PIERCED ARROWS, SUICIDE NOTES, NO TOMORROW BOYS
(Slabtown, 1033 NW 16th) With galloping drums and an opening line of "Let's go, let's go, let's go... to the beach!" the Suicide Notes have their sights set on your summertime. The rest of "Beach Song," the B-side of the Portland group's brand new single, has a similar element of party-hearty menace: By way of three-part girl harmonies, some go-go party vibes, and a thick punk punch, the Suicide Notes are going to make sure that you will have a good time, dammit. "Beach Song" surfs along, obtaining Who-like power chords and an extended power-pop coda along the way, and turns into a veritable epic—a marked contrast to the abbreviated amphetamine rush of A-side "Suicide Note," a breakup song that's about as black as black humor gets. The Suicide Notes celebrate the 7-inch's release tonight with the downright heroic Pierced Arrows, who are utterly incapable of playing a disappointing show. NED LANNAMANN
MURDER BY DEATH, HA HA TONKA, CORY CHISEL AND THE WANDERING SONS
(Dante's, 1 SW 3rd) It could be due to the fact that I just finished watching the 2010 Coen Brothers remake of True Grit, but the vocals on Murder by Death's "White Noise," from 2010's Good Morning, Magpie, sound like what would result from getting a drunk Jeff Bridges to slur cowboy poetry. A low, cobwebbed voice repeatedly asks the listener to meet in a valley while the band beneath pioneers a dark-sky, low-tuned Americana. It's eerie, but interestingly engaging—and ominous enough to soundtrack the rise of some living thing from a bayou at midnight. But I address that song knowing it's only a recent single in their hearty history of releases; their sixth album, Bitter Drink, Bitter Moon, comes out next month. These guys have been working nonstop since 2000, and have more or less stayed true to the diet folk-punk sound they became known for upon their inception. JONATHAN MAGDALENO
PATAHA HISS, HEY LOVER, PISS TEST
(The Know, 2026 NE Alberta) The bubblegum blitzkrieg bop of Pataha Hiss eschews the most familiar element of garage rock—the guitar—in favor of buzzing organ and earthquake bass. With just a handful of chords and tons of attitude, the trio invokes a veritable sugar buzz on their new four-song 7-inch, Dirrty Love, committing a couple pop gems ("Dear Joey," "Glad to See You Go") to disc along the way. It's a super fun record, bound to add some cheeky sleaze to even the most uptight dance party, and the group plays their long-awaited hometown record release show after touring through California last month. Released by the reliable Hovercraft label, Dirrty Love basically zooms out of the speakers ready for action, and fittingly, Pataha Hiss' show tonight is going to be a crushingly good bash. NL
FIFTY: DJ ARTHUR M, DJ BOBBY DANGEROUS, DJ HANUKKAH MIRACLE
(Holocene, 1001 SE Morrison) Time to traipse through history with your fave guide DJ Cooky Parker (AKA DJ Arthur M). For this steamy dance party, Fifty: A Possible History of Summer Jams, he's playing summer-soaked songs from the last five decades, hopping from the sassy girl groups of the 1960s to the booty-burners of today. COURTNEY FERGUSON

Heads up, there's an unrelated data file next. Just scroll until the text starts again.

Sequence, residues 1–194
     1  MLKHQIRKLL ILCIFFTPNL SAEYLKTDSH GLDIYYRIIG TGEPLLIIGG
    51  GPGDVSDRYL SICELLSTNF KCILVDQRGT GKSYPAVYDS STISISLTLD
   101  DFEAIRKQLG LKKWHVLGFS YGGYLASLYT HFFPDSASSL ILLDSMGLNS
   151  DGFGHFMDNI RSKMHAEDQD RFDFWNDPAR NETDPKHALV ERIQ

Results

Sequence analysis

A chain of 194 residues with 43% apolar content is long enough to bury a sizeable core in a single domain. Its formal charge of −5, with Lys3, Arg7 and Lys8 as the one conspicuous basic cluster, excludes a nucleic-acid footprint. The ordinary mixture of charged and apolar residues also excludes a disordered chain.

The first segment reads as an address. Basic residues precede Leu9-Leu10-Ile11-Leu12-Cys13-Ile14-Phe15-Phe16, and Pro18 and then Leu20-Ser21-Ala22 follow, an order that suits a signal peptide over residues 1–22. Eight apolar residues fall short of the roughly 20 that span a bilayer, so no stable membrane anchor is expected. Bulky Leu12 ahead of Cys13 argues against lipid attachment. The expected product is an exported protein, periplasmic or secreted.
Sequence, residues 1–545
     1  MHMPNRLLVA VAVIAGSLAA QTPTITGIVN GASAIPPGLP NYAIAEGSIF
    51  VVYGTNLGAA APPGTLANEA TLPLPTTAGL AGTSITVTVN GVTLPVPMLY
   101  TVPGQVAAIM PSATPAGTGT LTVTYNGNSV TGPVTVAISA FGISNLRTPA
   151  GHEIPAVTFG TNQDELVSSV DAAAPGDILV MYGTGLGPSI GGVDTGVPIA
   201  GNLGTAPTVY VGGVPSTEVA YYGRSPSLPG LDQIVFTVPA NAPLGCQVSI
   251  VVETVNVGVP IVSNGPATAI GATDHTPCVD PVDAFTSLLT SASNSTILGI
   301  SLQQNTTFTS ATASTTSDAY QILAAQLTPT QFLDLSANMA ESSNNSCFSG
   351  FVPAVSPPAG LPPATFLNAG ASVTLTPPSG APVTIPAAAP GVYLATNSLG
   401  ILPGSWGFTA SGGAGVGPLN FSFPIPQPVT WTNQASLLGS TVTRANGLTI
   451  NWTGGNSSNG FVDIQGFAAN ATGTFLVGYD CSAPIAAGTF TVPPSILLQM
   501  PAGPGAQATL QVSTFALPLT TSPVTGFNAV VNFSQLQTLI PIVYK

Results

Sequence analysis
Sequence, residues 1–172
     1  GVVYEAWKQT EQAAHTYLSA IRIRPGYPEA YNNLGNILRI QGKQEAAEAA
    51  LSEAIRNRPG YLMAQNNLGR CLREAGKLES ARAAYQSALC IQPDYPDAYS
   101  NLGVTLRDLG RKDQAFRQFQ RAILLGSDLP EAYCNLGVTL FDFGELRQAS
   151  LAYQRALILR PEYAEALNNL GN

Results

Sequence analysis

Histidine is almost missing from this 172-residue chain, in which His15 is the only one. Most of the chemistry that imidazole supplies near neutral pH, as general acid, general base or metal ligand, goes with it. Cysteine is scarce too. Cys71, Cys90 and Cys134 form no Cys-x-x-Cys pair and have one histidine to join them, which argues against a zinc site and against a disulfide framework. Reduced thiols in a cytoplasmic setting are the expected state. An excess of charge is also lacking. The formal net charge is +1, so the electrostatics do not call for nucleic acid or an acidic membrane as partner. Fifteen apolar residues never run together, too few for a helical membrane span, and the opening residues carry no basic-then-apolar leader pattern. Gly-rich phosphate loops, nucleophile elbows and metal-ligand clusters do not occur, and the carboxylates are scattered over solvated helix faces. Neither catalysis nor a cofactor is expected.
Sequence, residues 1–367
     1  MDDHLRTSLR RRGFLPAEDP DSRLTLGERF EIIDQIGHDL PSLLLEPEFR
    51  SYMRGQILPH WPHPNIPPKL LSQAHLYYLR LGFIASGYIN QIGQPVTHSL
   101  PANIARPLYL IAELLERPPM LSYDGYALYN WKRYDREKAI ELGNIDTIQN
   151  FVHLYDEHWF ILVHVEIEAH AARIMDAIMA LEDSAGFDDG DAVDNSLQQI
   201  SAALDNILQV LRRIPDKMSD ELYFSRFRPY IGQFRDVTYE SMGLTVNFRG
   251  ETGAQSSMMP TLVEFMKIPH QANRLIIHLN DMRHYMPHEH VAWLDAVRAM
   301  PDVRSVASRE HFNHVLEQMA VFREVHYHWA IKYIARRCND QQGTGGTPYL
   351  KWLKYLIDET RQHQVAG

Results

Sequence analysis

FESTIVAL OF AMERICANA: NICK JAINA, THE FEATURES, THE PARSON RED HEADS, THE MOONDOGGIES & MORE
(Grand Lodge, 3505 Pacific, Forest Grove) In just its second year, McMenamins' Festival of Americana has cornered the market on folks who aren't up to the time commitment, crowds, and expense of Pickathon. Judging by the lineup, these people include aging hippies who want to revisit their festival days alongside their children and grandchildren. The festival kicks off on Friday with Garcia Birthday Band, who interpret (not cover!) the Grateful Dead, also an apparent influence on one of the festival's youngest bands, the Moondoggies out of Seattle, who play Saturday. But the psychedelic jams end there. Tennessee funk band the Features augment what is otherwise a Northwest-heavy bill: Nick Jaina, with his heart on his sleeve; the tireless Freak Mountain Ramblers; Sassparilla, at the convergence of folk and punk; the Parson Red Heads, who have a cover of Nick Lowe's "Don't Lose Your Grip on Love" coming out on next month's Lowe Country tribute album; and the Shook Twins, with their close harmonies and loops by way of the Great Depression. REBECCA WILSON
HEAVY KINGDOM with WINO and CONNY OCHS, MIKE SCHEIDT, AERIAL RUIN
(Rotture, 315 SE 3rd) Scott "Wino" Weinrich has the Midas touch. He's been cranking out tunes since the '70s, and hasn't missed a step yet. The list of influential bands in the stoner/doom genre that he started, or belonged to, grows daily. A couple years ago, Wino joined the ranks of other harbingers of heaviness like Scott Kelly and Mike Scheidt, by trading his full stack and pedal board for an acoustic guitar. He released Adrift, a strikingly powerful acoustic record that features his gruff and grizzled style (mostly) unplugged. The acoustic experiment seems to be successful for Wino. So far this year he pumped out Labour of Love and Heavy Kingdom with German singer/songwriter Conny Ochs. Fans of Wino know that he has always had something political or spiritual to say through his music, and with his new acoustic persona, he seems to have found messages important enough to put subtly, instead of blasted into space on a fuzzed out riff. Just because Wino doesn't have a couple thousand watts behind him doesn't mean he can't be heavy. ARIS WALES
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